For one thing, if you are paying too much interest on your mortgage, refinancing is a great way to bring down your monthly payments. As of today, 30 year fixed rates are consistently under 4% and there are many options like 25, 20 and 15 year fixed rate loans which can lower your payment and term. Use a refinance calculator to help determine if this would save you money in the long run. Check your current mortgage holder for these rates first as that may save you on refinance costs.

I have refinanced 4 times in my life and each time I reduced my monthly payments dramatically. If all else fails, you can consider selling and downsizing or becoming a renter. If you must rent to relieve your stress, then you do it. Many people do and it may be that home ownership (which comes with lots of extra expenses) isn’t for you.

Oh, and would you believe I once held an 11.5% home mortgage interest rate? It was back in the 80’s, but talk about worry, yikes!!

Big Worry #3—My investment portfolio is a disaster!

Are you looking at the market and your investments every day? That’s a no-no because the market can swing wildly up and down and that’s a big, big worry you can easily avoid. I’m not saying not to pay attention to it. Experts tell us that the market changes all the time and those trends dictate serious examination but that’s over weeks and months. Over time, the market has continued to go up and gain so that if you just have a little patience, money, a little thought and a little good advice you needn’t worry 24/7.

Your 529 plans, stock investments, retirement plans and the like are time events that can be evaluated and corrected before it’s too late. I went to my bank for advice which was free (although I did have to sit through a sales pitch of the banks investment “opportunities” which I didn’t bite on), but you can also go for a professional Certified Financial Planner’s review of all of that as well as your stock portfolio for about $200. CFP’s are good advisors and can tell you if your mix of investments is right for you based on your risk tolerance. I have zero risk tolerance at my age (age is a huge factor) and thus I’m invested in market index funds from a very dependable company. Riskier mutual funds or stocks aren’t for me anymore so I don’t worry about the market like I used to do even with the Brexit fluctuations. You shouldn’t have to either.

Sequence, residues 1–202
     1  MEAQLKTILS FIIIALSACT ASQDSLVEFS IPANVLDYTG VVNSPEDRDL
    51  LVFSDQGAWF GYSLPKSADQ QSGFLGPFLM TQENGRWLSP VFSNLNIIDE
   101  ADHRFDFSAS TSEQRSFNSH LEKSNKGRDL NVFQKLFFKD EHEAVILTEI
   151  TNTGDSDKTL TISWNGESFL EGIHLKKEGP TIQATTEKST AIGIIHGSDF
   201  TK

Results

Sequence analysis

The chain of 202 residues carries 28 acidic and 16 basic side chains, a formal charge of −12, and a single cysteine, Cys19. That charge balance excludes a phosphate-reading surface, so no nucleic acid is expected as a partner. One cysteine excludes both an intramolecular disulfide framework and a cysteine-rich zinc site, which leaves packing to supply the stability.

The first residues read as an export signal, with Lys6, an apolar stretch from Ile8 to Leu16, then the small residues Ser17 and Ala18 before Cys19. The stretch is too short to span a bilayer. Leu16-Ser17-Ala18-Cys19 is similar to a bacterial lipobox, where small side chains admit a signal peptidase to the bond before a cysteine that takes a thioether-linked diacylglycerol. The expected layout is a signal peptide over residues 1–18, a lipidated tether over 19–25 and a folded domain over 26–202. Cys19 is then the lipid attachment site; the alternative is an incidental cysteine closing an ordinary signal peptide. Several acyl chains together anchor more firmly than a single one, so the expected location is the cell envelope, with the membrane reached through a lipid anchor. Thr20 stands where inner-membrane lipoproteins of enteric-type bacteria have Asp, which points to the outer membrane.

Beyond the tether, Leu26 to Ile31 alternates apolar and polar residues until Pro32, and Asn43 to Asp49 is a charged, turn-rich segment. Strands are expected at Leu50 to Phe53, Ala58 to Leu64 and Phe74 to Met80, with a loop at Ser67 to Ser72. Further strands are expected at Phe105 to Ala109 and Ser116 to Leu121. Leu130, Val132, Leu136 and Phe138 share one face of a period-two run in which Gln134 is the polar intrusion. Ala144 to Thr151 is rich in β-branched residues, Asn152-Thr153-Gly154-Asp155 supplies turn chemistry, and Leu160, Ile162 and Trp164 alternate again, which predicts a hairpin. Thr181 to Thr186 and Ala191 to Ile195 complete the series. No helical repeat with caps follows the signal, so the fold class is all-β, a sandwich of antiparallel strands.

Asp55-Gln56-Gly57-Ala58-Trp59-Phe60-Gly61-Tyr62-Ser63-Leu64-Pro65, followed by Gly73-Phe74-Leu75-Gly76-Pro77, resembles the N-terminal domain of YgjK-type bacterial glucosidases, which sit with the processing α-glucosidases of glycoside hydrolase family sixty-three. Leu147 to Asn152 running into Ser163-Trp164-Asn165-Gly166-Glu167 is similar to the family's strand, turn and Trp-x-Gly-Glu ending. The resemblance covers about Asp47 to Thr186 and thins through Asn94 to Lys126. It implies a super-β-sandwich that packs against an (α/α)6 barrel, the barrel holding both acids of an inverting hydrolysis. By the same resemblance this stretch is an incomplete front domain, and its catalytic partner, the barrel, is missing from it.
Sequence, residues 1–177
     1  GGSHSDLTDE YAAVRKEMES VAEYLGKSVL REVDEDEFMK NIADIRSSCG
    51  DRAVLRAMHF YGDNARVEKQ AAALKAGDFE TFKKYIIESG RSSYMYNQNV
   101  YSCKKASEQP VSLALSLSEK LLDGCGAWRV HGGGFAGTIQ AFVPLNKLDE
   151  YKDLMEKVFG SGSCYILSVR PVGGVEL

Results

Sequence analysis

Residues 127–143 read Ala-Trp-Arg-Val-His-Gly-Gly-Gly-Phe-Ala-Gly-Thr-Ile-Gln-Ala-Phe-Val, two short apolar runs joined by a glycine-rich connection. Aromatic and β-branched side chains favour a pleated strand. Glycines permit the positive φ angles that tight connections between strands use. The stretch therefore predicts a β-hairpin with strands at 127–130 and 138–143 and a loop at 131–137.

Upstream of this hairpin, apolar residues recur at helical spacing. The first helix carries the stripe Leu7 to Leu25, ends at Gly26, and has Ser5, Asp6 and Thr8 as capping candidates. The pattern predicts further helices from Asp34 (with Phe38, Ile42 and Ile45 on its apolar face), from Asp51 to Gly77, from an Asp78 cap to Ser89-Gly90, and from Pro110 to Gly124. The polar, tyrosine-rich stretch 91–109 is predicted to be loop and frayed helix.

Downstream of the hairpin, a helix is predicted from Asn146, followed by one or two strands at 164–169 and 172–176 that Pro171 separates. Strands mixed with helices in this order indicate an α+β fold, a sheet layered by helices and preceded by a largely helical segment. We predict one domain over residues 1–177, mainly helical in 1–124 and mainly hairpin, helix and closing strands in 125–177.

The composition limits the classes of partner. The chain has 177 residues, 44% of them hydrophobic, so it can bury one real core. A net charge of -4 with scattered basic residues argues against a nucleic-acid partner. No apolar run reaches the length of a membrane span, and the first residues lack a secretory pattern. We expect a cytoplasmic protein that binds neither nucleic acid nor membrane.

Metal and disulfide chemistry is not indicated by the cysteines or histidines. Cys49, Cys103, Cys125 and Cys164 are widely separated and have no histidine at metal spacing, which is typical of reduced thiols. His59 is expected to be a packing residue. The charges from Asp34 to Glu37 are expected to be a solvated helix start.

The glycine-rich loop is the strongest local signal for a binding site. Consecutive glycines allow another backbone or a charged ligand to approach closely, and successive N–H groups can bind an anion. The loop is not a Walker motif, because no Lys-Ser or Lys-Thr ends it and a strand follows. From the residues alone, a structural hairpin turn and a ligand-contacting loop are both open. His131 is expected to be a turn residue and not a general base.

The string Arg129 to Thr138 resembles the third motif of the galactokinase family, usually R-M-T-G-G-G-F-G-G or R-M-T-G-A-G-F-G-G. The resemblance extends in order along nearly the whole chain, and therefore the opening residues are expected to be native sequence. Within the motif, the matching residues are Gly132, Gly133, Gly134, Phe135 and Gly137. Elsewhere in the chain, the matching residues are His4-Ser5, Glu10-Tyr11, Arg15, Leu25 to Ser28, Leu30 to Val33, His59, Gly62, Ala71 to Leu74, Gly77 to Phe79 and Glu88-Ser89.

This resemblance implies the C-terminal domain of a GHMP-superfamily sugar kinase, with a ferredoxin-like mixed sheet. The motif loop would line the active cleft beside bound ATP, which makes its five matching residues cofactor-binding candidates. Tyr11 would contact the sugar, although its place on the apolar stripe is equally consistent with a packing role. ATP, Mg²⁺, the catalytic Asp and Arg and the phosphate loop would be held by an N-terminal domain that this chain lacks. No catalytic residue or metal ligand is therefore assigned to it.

Big Worry #4—Will I ever have enough to retire?

It’s a definite worry for a whole lot of people, of which I was certainly one. The rule of thumb here is that you will need about 80% of what you earned last as the basis for your income after retirement. That’s the money you have hopefully saved and will use after you retire. So let’s say you’re that $60,000 dollar guy we talked about earlier and you retire. You will need about $45,000 to live on statistically after you leave your job. But that doesn’t all have to come from your savings and retirement plans.

If you live in the US, there’s Social Security (yes I know it’s in danger but I do have faith and a loud protesting mouth). Social Security will supplement your retirement and it can be as much as 50% of it in the above case. If you’re into Roth IRA accounts you won’t pay any taxes at all (you paid them already) so your $45,000 will go a lot further than your $60,000 salary might have gone.

You can always try some kind of side hustle or alternate income stream like rental property, for example, that can help you later if you prepare now. There may be a pension in your retirement planning and if so even better. All of that means you may be able to retire just fine and don’t have anything to worry about.  As long as you have prepared for it with time and money when you are younger and working, you will have that nest egg you need. I had heard you needed $1,000,000 or more to be comfortable in retirement these days. Well, we aren’t wealthy here in NJ (the tax hell of the USA) and certainly not millionaires. But even so, we live on our nest egg and Social Security which is far less than that. We do it with our good money habits, careful budgeting, and being prepared for emergencies. You can too.